Title

Visualizing the transportation effects of urban mercantilism: Eastern New York, 1822--1860

Date of Award

2009

Degree Type

Dissertation

Degree Name

Doctor of Philosophy (PhD)

Department

Geography

Advisor(s)

Mark Monmonier

Keywords

Transportation, Urban mercantilism, Erie Canal, Animated cartography, Railroads, Historical GIS

Subject Categories

Geography | Social and Behavioral Sciences

Abstract

Much of the historiography of the antebellum United States focuses on the large seaports and their efforts through canals and railroads to reach westward, especially after the completion of the Erie Canal in 1825. There are problems with this viewpoint, as it ignores the timing and local extent of most railroads, neglects the industrious smaller cities that implemented many of the transportation changes, and downplays Boston's important role as a railroad pioneer. Most importantly, it misinterprets the rise of New York City as the dominant port city of the country, assigning too much credit to the Erie Canal.

This dissertation adopted instead a multi-scale look at urban mercantilism , in which rival smaller cities, such as Albany and Troy, pursued transportation improvements as strategies in a locational game to connect neighboring towns and distant seaports. Eastern New York was arguably the most important gameboard for this urban competition as the confluence of the Hudson and Mohawk Rivers witnessed nationally important transportation changes in steamboats, canals, and railroad technology.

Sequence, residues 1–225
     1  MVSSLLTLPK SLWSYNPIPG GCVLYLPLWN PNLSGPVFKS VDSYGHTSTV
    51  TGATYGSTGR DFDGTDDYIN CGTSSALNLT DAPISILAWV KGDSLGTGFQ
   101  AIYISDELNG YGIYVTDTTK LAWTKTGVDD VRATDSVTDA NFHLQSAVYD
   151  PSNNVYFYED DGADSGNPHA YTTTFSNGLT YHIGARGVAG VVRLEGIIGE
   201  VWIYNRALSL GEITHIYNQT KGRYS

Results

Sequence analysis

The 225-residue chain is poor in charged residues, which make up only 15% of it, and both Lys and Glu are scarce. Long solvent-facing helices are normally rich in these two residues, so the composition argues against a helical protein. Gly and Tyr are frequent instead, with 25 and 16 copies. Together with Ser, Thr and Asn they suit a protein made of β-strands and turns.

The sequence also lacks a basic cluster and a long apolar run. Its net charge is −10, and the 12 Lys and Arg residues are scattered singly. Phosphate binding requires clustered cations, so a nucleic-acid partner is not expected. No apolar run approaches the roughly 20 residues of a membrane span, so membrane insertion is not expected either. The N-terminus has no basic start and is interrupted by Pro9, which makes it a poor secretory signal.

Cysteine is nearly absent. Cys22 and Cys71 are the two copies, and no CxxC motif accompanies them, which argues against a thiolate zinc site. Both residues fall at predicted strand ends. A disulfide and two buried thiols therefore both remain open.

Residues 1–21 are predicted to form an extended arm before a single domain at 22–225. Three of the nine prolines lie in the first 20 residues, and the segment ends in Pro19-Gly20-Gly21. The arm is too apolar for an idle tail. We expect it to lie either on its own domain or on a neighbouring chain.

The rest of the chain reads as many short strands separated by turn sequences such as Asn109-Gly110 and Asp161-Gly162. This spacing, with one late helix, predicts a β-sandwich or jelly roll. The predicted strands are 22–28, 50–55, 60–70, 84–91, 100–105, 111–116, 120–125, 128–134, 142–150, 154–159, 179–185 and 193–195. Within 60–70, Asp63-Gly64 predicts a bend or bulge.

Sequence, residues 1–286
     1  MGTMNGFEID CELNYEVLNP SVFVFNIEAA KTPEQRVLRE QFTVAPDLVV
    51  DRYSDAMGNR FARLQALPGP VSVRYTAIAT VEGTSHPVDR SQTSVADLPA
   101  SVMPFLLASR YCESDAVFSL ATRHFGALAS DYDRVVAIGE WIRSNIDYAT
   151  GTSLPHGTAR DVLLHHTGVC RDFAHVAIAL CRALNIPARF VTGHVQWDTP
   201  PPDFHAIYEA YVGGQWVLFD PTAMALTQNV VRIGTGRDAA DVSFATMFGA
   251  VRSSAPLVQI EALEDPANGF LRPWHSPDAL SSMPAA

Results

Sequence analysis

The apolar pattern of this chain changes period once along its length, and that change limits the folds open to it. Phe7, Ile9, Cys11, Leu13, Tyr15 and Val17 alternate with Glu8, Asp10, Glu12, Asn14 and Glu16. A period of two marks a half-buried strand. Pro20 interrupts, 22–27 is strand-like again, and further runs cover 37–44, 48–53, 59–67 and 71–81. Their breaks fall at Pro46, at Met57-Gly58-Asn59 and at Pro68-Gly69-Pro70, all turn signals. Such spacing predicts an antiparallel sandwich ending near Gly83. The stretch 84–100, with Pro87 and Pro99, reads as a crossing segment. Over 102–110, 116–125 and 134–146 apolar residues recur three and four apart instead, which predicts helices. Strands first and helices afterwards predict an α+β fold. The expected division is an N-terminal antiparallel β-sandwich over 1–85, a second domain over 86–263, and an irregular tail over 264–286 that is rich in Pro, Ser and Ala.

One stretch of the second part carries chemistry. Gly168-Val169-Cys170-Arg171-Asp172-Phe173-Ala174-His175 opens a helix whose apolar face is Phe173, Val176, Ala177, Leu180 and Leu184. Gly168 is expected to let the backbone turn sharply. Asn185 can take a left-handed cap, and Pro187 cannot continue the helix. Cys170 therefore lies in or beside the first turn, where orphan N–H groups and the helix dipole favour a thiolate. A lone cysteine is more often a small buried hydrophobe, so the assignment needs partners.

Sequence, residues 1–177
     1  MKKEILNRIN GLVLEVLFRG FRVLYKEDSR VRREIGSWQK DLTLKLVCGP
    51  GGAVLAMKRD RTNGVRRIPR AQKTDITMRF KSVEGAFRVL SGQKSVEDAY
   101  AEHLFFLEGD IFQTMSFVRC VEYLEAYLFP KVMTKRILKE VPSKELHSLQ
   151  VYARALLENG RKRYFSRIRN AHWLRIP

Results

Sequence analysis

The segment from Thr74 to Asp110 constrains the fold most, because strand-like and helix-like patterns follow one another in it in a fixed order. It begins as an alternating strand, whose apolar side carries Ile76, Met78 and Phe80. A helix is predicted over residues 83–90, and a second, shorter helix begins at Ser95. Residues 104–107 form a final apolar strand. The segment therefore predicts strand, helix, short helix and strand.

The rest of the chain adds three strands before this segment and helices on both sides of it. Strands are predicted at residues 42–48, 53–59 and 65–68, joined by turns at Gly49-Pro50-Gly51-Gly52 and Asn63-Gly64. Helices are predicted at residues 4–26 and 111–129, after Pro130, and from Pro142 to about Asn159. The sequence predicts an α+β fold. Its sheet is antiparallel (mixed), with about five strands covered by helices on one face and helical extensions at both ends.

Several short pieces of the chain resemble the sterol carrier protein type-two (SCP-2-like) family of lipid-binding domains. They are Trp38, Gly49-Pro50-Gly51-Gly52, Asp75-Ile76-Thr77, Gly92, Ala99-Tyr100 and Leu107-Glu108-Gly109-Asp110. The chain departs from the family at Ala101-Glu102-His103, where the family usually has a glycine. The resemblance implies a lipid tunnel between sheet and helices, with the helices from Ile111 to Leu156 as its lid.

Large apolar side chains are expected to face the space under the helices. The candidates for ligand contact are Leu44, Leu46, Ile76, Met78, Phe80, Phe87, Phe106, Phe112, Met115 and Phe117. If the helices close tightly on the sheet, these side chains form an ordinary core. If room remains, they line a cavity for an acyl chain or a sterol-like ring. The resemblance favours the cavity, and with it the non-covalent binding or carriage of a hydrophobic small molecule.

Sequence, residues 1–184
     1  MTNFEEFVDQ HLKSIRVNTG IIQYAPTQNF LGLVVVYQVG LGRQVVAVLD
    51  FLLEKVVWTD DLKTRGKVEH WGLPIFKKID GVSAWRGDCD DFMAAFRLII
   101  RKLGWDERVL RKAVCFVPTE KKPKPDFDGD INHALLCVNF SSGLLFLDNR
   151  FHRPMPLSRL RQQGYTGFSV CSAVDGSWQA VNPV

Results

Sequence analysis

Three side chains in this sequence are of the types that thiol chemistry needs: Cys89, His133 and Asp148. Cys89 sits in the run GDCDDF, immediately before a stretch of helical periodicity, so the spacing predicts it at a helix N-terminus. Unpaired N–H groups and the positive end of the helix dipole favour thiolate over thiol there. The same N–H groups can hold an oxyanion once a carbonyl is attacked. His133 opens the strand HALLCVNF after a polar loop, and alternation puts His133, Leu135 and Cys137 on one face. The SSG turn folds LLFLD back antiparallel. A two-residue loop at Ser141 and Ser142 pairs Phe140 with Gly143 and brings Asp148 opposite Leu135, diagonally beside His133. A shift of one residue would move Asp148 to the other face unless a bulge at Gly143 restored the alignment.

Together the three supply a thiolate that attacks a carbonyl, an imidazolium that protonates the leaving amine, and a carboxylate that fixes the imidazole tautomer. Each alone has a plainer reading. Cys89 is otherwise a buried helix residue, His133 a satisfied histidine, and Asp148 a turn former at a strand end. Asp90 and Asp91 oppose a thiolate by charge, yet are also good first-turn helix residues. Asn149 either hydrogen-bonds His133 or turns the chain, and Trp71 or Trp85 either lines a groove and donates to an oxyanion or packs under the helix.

To explain such a rapidly-changing transportation network, grand theory often falters, as choices and outcomes were not predetermined. This dissertation adopted instead a time-dependent cartographic approach, through which each city's decisions could be situated with respect to topography, trade routes, and rival networks. Such a method was only possible through the use of a Historical GIS which supported source-map georeferencing, feature extraction, time encoding, and relief rendering. Situating events correctly in space and time answered numerous research questions, such as New York City's legislative opposition towards the Erie Canal, the state's begrudging acceptance of railroads, New York City's Erie Canal-induced railroad "complacency," and the underdevelopment of the New York-Montreal trading route, in defiance of period observers.

But puzzles remained, such as the timing of the Hudson River railroads and the massive investment in Vermont railroads in the late 1840s. These could only be explained through the inclusion of international events, most importantly Britain's Repeal of the Corn Laws. The changing trade relationships, among Britain, the United States, and Canada, had strong effects on the American city and transportation systems.

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